Roleplay lesson from supermarket receipts

Can you justify what's on your supermarket receipt?

How much of a lesson can you get out of a supermarket receipt…?

Here's one that might sound a bit weird but seemed to work quite well when Kim tried it out in an adults post-First Certificate class, who had been doing a coursebook unit in which various "enviroment" themes had come up.

It required the learners to keep any supermarket receipts (!) and bring them to a subsequent class: They then had to defend what they'd purchased, from an environmental point of view, in a mock trial (I told you it might seem a bit weird 😉 !)

Rough outline of the lesson
Class one (Friday)

  • Learners were asked to keep and bring to class any supermarket receipts

As "homework"

  • Discussion and photos, and comments on what they were buying and how "ecological" it was, via a WhatsApp group

Class two (the following Friday)

  • Preparation time (15 mins): preparing the questions (amount of packaging…? how much meat…? how far the food had traveled from source…? etc), some of which had already come up in earlier classes and/or in the WhatsApp discussion; in order to  have a "case" and a "defence" ready for "the trial"
  • Role play the trial (10 mins): Team A = 2 defendants plus 2 lawyers vs Team B = 1 judge; 1 prosecution lawyer; 1 assistant prosecutor; 1 star witness
  • Role play 2 (10 mins), with the roles reversed
  • Sentencing (5 mins)
  • Discussion (15 mins)

Ideally, of course, you'd have the receipts in English, but Kim got round that one by having the prosecutors requiring the defendants to provide the translations during questioning.

No technology whatsoever involved in the actual class but fun, and not a photocopy in sight!

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12 Comments

  1. Haha, yes, they gave me a few stange looks at first but got into it in the end. It worked better than I thought it was going to.

    In fact only 3 out of 11 brought the receipts but that was enough. We in fact handed them over to the prosecution and they did the translation.

    Those were the timings but Im not sure we totally respected them.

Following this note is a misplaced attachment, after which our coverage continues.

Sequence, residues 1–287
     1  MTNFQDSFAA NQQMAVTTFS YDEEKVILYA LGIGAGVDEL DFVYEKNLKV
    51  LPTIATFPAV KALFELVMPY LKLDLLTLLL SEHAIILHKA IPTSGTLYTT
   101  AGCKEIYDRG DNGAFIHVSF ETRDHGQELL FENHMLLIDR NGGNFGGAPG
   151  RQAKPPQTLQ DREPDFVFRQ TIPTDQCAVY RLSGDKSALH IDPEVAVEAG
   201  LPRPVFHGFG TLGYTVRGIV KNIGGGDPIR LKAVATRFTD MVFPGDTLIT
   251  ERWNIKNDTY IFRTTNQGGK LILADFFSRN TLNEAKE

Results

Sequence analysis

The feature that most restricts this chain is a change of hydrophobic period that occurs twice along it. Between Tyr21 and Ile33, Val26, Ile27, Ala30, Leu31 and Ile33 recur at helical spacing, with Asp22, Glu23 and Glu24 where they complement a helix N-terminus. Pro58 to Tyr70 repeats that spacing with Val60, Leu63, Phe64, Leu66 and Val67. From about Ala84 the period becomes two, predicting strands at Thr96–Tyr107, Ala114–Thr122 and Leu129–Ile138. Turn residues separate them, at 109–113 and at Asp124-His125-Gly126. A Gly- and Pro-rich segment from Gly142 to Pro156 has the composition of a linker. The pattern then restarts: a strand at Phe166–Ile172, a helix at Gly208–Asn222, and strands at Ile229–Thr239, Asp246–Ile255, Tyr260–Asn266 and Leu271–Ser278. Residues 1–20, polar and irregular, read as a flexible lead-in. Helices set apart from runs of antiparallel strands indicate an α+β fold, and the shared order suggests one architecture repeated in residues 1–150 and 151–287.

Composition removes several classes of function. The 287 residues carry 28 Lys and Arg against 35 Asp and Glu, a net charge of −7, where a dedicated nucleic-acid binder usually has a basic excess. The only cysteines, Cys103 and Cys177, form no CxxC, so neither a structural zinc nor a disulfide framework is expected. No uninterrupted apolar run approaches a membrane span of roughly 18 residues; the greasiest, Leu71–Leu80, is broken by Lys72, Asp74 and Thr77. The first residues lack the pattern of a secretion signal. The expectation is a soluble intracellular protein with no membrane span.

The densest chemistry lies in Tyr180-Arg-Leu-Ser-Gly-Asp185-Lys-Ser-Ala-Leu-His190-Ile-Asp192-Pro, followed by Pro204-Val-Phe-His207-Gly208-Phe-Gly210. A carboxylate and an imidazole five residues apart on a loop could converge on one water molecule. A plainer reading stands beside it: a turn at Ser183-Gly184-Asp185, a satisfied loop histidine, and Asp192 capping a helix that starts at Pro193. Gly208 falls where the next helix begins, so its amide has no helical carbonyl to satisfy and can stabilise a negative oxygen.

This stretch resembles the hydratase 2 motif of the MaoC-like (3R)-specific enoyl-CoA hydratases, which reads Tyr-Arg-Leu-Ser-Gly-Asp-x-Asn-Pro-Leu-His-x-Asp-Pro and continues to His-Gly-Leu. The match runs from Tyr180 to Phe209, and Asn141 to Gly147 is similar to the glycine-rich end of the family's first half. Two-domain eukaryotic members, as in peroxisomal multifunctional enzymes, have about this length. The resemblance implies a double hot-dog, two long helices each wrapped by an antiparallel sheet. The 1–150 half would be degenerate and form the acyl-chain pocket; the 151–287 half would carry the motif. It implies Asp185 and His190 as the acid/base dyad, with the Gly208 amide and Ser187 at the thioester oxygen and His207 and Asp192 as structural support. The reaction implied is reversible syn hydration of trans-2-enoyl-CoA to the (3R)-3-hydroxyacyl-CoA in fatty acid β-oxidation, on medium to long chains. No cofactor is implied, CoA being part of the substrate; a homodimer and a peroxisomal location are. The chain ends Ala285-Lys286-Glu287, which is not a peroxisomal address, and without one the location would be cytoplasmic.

2. I tried that one. It worked with the class I didn't think it was going to work with and didn't with the one I was sure were going to love it!

  3. It's funny how that happens, isnt it? I had a great "prosecution lawyer", whhich helped as she really got into it. Well, she is a lawyer in real life -) !

  4. This is really neat. I'll definitely give it a try. I recently taught a similar lesson on free time activities using old bills and tickets from an evening out (dinner, movie ticket). Lots of useful language.

  5. Thanks everyone for the comments and feedback.

    I can see that it might not work with all classes. Two things: (1) think it does depend at least to some extent on who the judge and lawyers are, as Kim suggests; I'd be tempted to handpick them — you want the most dynamic, argumentative people in those roles; and (2) I guess you could also have played one of the roles yourself, to ensure that, especially if we're talking about small classes.

    Also, afterwards, feedback can include things like whether or not lawyers (etc) would actually behave like that, as well as the language used.

    Curious as to what sort of punishments the defendants were sentenced to… 😉 ?

  6. Nice idea, Vanesa.

    There's a story here that might give you something similar…. What kind of things do people have in their wallets (or handbags, or pockets…) and what kinds of stories would the items tell 50 years later?

    Perhaps as a creative writing prompt….????

  7. Mine were a bit boring with their punishments, fines mostly. They did suggest a restraining order: not allowed within 100m of a supermarket, which would force them to use a proper market, where theres prob. less plastic packaging.
    I do usually take one of the roles when its a whole class roleplay like this and partipate as an equal. With a class that is a bit reluctant to dive in it works; with one that goes for it, I do the same, onlysay a lot less.

  8. That's a cool idea, Kim. Impossible to enforce, of course, but cool nevertheless. And it's all about awareness raising, innit 😉 ?

    Love the idea of participating as an equal like that!

  9. One of my learners has just brought up an issue with this: is the fact that we're discussing it on our phones ecologically sound, he says (asking the question on his phone)????!!!!!
    If we really wanted to be "green", shouldnt we all ditch our phones?

  10. We should Kim! Er, not gonna happen!!!

    But a fun activity to try it out with a class: who can go longest with their phone turned off…? Report back on it, share the experience via something like Edmodo, or just orally in the next (?) class. Investigate how BAD our obsession with mobile phones is for the environment… Etc.

    Your learner is so totally right!

  11. This here is a nice site to have students make their own receipts (it has plenty of different templates). Students can use the online site to print out their own receipts on many topics ("The best night out", "The healthiest grocery list" and so on and so forth). http://www.fakereceipt.us/sales_receipt.php

  12. Thanks for that, Vanesa. Like the idea for a receipt for a "best night out" 😉 !

    Still quite like the idea of using actually receipts, though — even if they are in the local language, rather than the target language.

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